What is in this leaflet
This leaflet answers some of the common questions people ask about Antizol. It does not contain all the information that is known about Antizol.
It does not take the place of talking to your doctor or pharmacist.
All medicines have risks and benefits. Your doctor will have weighed the risks of you being given Antizol against the benefits they expect it will have for you.
If you have any concerns about being given this medicine, ask your doctor, nurse or pharmacist.
Keep this leaflet. You may need to read it again.
What Antizol is used for
Antizol belongs to a group of medicines called antidotes.
Antizol is used to treat ethylene glycol and methanol poisoning.
Antizol helps to restore your blood levels of ethylene glycol and/or methanol to normal.
Your doctor may have administered this medicine for another reason.
Your doctor will explain why you are being treated with Antizol and tell you what dose you are being given.
Follow all directions given to you by your doctor carefully.
They may differ from the information contained in this leaflet.
Ask your doctor if you have any questions about why Antizol has been administered to you.
Antizol is not addictive.
This medicine is available only with a doctor’s prescription
Before you are given Antizol
When you must not be given it
You must not be given Antizol if you have been drinking alcohol excessively.
You should not be given Antizol if you have ever experienced an anaphylactic reaction with Antizol or other pyrazoles.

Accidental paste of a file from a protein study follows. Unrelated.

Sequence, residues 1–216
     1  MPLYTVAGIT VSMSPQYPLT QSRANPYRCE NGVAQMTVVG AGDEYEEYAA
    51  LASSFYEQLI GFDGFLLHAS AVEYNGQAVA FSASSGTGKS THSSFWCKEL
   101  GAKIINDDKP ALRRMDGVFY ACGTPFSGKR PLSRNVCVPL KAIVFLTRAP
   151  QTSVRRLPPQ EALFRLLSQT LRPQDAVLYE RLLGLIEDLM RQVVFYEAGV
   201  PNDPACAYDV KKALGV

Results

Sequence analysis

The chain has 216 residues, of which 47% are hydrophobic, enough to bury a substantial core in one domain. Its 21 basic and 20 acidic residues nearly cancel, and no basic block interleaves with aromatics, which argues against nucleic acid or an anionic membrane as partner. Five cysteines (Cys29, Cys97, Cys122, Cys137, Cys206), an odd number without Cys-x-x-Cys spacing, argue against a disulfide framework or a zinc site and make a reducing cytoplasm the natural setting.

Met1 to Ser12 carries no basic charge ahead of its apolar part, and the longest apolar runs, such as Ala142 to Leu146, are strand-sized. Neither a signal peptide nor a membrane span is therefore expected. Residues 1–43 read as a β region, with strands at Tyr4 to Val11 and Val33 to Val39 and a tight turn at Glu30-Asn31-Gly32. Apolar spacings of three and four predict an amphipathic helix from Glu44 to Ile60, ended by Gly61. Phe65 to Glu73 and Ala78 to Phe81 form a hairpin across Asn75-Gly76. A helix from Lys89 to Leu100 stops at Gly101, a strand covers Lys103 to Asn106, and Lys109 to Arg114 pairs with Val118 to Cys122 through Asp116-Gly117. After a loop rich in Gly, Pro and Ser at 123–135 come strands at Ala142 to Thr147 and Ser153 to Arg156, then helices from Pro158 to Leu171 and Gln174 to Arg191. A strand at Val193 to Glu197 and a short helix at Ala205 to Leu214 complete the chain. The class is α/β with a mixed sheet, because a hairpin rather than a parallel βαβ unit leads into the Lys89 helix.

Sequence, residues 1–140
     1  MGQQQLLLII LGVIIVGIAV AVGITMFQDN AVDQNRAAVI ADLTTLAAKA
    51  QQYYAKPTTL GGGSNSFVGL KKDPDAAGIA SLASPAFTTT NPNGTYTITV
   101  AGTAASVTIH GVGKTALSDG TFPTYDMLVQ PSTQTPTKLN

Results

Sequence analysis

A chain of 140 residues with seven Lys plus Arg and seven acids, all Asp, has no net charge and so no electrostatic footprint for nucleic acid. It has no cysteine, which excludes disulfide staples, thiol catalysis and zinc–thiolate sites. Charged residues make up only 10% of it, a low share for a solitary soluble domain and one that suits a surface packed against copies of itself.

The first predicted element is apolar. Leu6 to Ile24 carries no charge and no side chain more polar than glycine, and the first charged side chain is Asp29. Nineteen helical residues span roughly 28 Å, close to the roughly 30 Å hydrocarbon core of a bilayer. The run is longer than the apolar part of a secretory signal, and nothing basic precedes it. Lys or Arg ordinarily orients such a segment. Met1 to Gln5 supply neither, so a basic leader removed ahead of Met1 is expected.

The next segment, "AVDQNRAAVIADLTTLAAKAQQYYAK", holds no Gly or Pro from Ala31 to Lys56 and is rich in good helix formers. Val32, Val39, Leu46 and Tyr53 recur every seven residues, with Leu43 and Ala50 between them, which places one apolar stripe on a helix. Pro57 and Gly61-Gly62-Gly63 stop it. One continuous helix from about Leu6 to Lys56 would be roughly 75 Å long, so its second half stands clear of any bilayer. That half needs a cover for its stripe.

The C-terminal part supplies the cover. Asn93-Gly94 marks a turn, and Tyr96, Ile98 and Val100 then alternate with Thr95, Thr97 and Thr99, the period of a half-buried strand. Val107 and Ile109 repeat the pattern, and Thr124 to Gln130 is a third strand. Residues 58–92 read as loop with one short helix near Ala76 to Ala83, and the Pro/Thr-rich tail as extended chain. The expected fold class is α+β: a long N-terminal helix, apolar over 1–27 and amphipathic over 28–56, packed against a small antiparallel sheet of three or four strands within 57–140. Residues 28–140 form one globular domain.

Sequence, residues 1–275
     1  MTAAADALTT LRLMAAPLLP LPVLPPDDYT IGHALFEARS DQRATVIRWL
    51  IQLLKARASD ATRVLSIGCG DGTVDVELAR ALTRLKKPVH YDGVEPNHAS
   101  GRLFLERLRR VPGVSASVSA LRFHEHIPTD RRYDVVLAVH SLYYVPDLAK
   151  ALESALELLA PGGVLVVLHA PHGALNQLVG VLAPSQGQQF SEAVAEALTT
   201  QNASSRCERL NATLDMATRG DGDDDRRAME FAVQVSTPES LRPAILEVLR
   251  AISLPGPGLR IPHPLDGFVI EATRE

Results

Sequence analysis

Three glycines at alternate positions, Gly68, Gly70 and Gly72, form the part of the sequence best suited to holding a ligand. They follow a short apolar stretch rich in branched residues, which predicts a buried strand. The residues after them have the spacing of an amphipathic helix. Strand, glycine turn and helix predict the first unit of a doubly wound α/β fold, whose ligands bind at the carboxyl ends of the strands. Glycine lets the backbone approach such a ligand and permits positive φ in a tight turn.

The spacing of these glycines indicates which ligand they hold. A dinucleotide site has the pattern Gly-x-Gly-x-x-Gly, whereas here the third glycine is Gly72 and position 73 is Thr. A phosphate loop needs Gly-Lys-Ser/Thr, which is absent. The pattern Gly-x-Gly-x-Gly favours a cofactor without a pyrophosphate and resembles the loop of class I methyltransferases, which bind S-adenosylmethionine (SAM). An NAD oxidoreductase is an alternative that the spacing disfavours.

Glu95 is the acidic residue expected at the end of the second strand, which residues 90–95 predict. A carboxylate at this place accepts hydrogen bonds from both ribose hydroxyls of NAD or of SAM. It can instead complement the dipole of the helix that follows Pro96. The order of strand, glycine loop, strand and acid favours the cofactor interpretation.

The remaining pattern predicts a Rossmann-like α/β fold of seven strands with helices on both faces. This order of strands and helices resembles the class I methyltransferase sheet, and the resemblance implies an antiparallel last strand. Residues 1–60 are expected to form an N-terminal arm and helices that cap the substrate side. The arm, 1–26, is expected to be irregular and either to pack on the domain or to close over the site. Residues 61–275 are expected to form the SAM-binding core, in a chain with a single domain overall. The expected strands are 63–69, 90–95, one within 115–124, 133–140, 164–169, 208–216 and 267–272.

Antizol should not be used if the expiry date (EXP) printed on the pack has passed.
Before you use it
Tell your doctor if you are pregnant or planning to become pregnant
The effect of ANTIZOL in pregnant women is not known. Therefore the use of ANTIZOL in pregnant women is not recommended.
Tell your doctor if you are breastfeeding or plan to breastfeed.
It is not known whether ANTIZOL passes into breast milk. If you are breast feeding, your doctor may advise you to stop breastfeeding while you are using this medicine.
Taking other medicines
Antizol can significantly reduce the rate of elimination of ethanol and vice versa. For this reason, you should not be given Antizol if you have been drinking alcohol to excess.
Antizol may interact with medicines that increase or decrease the effect of phenytoin, carbamazepine, cimetidine, ketoconazole and other similar medicines, although this has not been studied.
How Antizol is given
Antizol is given as a slow intravenous infusion into a vein.
Antizol must only be given by a doctor or nurse.
Your doctor will decide what dose and for how long you will receive Antizol. This depends on your condition and other factors.
To begin treatment, 15 mg/kg of Antizol is given as a slow intravenous infusion over 30 minutes.
Your serum levels of ethylene glycol and/or methanol will be monitored during the treatment.
If you are given too much
The doctor giving you Antizol will be experienced in administration of antidotes, so it is unlikely that you will be given an overdose.